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So maybe you’re not looking to form a band; but you don’t play guitar or the keys very well, and you’d like to get some live performance experience under your belt. You’d like to find someone who plays guitar or piano that would be available for an occasional gig and regular rehearsals. So where do you look?

The Internet and your local newspapers and print media are great resources for finding postings from musicians looking for gigs. But you might be better off if you can find places to hang out where musicians hang out. That would give you a chance to possibly even hear them play or get some feedback from others that may know their work, artistry, their habits, quirks, responsibly quotient and commitment levels, as well as work ethic.


Local clubs, cafes, and coffeehouses are great places to find potential players and accompanists, especially those that are more likely to play the style of music you sing. Another advantage of hitting the clubs is you can establish a presence as a regular. You might even get a chance to stand in and sing with someone at some point. But it also helps you build a sense of community and familiarity. You might get to know a club manager or owner. They could even recommend musicians that might be a good fit for you and for the player.

Songwriter Nights + Open Mics

Another great resource is open mic nights. Many times you’ll find a singer-songwriter that’s looking for someone to demo their songs. They might be great musicians but not very comfortable as singers. So, you could get an accompanist for your gigs, and you might get some demo work as well. And, who knows, you just might find a band you can front for.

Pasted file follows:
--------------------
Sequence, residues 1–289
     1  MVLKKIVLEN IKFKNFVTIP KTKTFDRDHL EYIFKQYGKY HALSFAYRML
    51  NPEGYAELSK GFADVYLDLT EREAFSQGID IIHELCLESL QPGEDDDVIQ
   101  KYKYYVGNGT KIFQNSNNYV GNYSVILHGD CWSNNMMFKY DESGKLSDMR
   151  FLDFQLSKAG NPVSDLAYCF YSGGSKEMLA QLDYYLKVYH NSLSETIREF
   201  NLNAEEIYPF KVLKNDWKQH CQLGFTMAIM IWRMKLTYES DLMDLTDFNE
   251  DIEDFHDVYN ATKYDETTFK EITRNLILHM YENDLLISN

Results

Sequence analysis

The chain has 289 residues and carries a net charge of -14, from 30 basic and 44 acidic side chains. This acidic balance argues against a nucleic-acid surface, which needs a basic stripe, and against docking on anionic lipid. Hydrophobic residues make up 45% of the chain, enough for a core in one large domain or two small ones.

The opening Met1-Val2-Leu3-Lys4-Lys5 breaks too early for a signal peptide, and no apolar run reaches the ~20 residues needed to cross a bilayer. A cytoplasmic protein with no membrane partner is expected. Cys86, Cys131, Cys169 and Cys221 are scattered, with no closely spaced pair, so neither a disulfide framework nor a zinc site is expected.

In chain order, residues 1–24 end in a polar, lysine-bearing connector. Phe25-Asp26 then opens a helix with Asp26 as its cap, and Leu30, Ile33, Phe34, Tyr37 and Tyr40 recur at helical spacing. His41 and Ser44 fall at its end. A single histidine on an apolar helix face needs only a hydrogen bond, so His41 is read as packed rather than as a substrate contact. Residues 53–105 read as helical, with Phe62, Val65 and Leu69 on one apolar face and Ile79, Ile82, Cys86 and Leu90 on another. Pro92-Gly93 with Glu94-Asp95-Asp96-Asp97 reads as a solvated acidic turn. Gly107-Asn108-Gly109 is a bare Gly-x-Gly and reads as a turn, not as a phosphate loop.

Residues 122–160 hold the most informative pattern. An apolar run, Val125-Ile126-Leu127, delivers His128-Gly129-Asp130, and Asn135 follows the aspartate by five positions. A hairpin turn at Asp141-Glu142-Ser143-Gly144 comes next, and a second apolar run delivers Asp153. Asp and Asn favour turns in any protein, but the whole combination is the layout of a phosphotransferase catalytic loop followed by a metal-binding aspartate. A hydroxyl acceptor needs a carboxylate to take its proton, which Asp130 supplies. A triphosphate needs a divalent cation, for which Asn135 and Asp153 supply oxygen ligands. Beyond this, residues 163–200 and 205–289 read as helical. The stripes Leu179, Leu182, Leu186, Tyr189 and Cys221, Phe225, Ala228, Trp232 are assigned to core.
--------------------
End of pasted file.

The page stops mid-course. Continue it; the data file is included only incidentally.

Another resource are performing rights organizations such as ASCAP, BMI, SESAC (all performing rights societies) and local songwriters groups that offer showcases, classes, and events that are frequented by musicians.

Check out local music stores and any books stores that have live music events, as well as schools, colleges, and universities in your area that offer music. Even churches that have a strong music ministry are a good resource for finding musicians to work with.

Jammin’ Jive Sessions

Another possible draw for attracting musicians is to hold a block party or backyard jam session. Invite your friends and ask them to invite every musician they know. This is a great way to do a little music business networking while shoring up some community support as well.

Carefully plan your event with some energetic, talented hosts to keep the evening moving, fresh, and fun. The jam session might actually trigger future jam sessions that will provide more opportunities for networking, performing, and strengthening support.

How Now, Say What?

So now that you know where to look, you need to know what to say in your search for back-up. You want to be prepared to succinctly describe the music you like, your abilities, and your needs so that those you approach have a clear sense of what you do and how they might be able to complement that. You don’t want to limit or typecast yourself into some musical straight-jacket. But you do want to give an idea of the type of singer you are and the styles of music you prefer to perform.

Stay Clear As You Steer

Be very clear about your goals in terms of career. The clearer you are, the less chance you’ll be sidetracked by musicians who aren’t right for you. And be clear on what you can offer as compensation. It may simply be exposure with no pay, which may result in less chances of getting anyone worthwhile to commit.

If you don’t write and they do, it gives them a chance to showcase their material. If you do write but can’t play, if provides a showcase for you. So there’s room for negotiating should something come through with a cut or a publishing deal. You might even forge a strong co-writing partnership.

Remember that your voice deserves the strongest support available. Don’t settle for anything less as you stay after your pursuit of finding a place in the world of music where your unique voice can find a place to call home.

Randy Moomaw

Author Randy Moomaw

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